Being able to ask for help and being able to ask for the accommodations was something I had to learn how to do. Also with my boss who was remote, it was a little bit more difficult because I wasn’t [seeing] her on a daily basis, so one of the strategies that I really had to adopt was reminding myself it’s ok to ask for help. It’s ok to ask if you don’t understand something. 

Another strategy was my excessive planning and alerts. I often forget when things are due especially when I get into these perfectionist cycles. I really like my work a certain way [and] I want it to be as detailed as possible. And because of that, I sometimes forget about deadlines so I set those reminders so that I can look at my schedule and know exactly how much time I’m going to have to work on something.

BF: Can you share more about your perspective on intersectionality and how you feel that your identity as a neurodiverse person and as a woman have intersected?

SM: I found out [that I had autism] when I was 13 and prior to that, I had only heard of like one or two women who had ever been diagnosed with autism. I honestly saw it as a thing that primarily affected boys and men. That’s how the media represents it, to be frank. It’s represented in a very specific way like we all have the same interests and the same affect.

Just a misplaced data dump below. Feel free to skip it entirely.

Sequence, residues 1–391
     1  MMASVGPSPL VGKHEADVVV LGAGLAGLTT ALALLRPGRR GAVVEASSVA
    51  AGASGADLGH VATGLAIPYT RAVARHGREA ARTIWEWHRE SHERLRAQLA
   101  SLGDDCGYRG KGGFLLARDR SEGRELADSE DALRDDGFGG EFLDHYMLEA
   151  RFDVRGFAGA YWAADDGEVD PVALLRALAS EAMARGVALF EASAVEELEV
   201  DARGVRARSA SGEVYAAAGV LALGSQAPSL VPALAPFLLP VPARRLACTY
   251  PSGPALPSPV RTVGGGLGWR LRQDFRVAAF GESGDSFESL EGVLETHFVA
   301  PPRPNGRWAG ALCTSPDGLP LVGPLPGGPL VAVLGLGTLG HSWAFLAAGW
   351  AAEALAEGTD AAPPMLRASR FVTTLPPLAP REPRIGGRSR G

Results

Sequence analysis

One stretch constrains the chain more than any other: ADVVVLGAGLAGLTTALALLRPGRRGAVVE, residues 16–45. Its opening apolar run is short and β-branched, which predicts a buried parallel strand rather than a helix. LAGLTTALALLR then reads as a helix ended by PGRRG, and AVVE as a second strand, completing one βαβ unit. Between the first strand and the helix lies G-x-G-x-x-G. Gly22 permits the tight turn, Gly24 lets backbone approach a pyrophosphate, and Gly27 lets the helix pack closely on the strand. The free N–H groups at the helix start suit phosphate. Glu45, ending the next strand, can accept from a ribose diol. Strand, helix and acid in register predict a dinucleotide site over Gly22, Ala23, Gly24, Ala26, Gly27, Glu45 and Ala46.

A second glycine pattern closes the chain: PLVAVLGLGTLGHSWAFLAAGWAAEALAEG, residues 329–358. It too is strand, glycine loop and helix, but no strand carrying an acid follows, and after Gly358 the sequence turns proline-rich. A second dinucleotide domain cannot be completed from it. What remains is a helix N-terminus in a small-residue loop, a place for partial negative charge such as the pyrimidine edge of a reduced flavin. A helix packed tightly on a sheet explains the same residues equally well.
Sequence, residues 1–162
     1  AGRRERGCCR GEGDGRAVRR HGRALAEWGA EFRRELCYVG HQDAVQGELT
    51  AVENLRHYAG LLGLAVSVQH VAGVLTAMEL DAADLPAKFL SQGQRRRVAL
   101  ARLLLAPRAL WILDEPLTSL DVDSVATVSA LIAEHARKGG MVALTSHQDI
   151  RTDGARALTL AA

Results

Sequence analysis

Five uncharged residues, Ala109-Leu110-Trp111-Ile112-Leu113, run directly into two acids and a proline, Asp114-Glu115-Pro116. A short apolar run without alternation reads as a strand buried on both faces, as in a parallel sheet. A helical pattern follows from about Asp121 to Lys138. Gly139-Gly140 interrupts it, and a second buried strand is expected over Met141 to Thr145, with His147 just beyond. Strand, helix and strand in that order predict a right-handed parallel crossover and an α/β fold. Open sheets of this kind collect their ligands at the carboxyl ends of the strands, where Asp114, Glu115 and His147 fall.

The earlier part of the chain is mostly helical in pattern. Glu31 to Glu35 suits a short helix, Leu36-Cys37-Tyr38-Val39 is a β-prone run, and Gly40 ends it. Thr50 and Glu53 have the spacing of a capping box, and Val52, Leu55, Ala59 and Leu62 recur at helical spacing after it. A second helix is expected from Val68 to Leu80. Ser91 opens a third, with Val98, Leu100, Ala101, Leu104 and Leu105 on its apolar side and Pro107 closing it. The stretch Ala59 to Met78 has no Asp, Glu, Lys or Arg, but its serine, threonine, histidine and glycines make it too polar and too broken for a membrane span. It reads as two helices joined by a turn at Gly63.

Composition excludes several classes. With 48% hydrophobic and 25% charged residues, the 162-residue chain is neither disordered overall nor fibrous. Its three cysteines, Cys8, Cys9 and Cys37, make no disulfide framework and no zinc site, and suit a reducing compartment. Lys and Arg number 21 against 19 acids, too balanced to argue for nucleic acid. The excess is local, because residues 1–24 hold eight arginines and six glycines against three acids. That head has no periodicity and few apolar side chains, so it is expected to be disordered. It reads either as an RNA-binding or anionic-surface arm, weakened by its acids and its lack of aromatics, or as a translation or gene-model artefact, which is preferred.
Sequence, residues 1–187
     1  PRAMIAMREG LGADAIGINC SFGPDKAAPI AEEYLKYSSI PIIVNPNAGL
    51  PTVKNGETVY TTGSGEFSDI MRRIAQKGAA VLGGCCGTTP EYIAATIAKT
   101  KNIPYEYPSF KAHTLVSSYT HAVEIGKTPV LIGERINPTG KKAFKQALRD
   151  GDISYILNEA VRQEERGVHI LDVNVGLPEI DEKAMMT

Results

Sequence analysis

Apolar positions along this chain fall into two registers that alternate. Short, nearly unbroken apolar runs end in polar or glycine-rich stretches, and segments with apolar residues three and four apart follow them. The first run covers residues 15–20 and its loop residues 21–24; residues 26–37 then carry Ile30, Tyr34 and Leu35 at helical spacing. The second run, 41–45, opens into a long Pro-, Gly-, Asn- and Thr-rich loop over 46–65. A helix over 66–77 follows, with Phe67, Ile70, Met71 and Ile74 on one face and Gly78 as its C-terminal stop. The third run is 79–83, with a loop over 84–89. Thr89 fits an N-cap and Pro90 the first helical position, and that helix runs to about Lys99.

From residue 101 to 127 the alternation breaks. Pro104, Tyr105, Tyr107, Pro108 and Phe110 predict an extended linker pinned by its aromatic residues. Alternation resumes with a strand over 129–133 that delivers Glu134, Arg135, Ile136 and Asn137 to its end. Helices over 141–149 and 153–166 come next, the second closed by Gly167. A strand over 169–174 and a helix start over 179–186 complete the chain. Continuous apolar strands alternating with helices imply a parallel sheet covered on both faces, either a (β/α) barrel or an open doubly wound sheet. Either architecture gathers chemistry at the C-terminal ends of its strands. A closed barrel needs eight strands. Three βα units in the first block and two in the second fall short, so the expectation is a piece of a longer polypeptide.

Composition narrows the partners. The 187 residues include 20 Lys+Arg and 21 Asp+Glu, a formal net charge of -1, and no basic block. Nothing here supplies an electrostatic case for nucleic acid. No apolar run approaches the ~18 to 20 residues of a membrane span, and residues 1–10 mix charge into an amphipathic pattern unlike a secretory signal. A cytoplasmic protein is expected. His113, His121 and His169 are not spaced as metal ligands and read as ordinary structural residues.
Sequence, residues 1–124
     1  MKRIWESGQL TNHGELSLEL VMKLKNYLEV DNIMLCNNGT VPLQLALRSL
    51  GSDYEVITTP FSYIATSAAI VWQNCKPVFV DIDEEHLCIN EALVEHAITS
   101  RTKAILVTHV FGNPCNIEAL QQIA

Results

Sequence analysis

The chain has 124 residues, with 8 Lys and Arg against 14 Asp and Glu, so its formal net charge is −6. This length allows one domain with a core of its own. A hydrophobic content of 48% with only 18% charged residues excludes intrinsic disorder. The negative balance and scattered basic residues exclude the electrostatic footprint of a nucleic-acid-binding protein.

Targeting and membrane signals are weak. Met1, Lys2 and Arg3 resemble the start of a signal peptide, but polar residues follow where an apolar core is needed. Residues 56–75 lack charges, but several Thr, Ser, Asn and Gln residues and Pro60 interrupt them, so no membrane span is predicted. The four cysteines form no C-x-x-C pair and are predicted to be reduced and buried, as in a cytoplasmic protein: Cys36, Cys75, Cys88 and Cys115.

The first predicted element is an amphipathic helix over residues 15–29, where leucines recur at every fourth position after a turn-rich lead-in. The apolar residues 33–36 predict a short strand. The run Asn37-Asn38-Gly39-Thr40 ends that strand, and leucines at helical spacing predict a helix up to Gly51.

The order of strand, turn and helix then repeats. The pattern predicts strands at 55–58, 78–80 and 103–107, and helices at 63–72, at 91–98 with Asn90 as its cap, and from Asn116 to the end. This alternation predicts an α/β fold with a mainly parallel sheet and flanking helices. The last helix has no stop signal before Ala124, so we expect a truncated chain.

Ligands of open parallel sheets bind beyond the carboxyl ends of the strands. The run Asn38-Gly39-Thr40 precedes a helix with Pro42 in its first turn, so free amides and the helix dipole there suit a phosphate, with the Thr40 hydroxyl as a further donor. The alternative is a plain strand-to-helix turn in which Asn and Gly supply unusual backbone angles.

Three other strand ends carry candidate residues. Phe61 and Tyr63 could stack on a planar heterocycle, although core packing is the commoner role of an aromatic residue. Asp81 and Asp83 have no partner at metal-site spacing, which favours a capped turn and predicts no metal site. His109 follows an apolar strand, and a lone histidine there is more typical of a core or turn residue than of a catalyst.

I saw autism as this very specific diagnosis [before] finding out that it can also look the way I do and the way that a lot of other women and nonbinary people that I’ve met do. 

BF: Is there anything that you wish people knew more about neurodiverse women?

SM: We have this very specific stereotype of autism that was the norm for a really long time. This idea of the very “unemotional”, “straight faced”, “logical” man who is either completely non verbal or a brilliant science genius.

I’ve met a lot of autistic people in my life and to say that that is not representative of most of them is an understatement. It’s such a diverse community. We all have such diverse interests and we have diverse passions and we have diverse ways of communicating with other people.

There is no one kind of autistic personality. 

And so I’ll describe things that worked for me as an autistic woman in politics and while it might be useful to some people who are also autistic women in politics, it might not be as useful [for others]. Autism is not like a one size fits all personality, it’s something that impacts all aspects of your life, but not in the same way for everybody.

BF: How would you say you practice resilience at work and what’s made you feel empowered to advocate for yourself?

SM: Realizing that I need help and realizing that I can’t be [perfect] all the time is something that I had to learn. You are not going to be perfect all the time especially in a world [that] is not set up for you. And also realizing you are not going to meet everyone’s expectations all the time; that is so important. If you keep on working, if you keep on meeting new people, and you keep on making those connections, you’re going to eventually meet somebody whose expectations fit you and you’re going to find a company where you fit in well with the work atmosphere.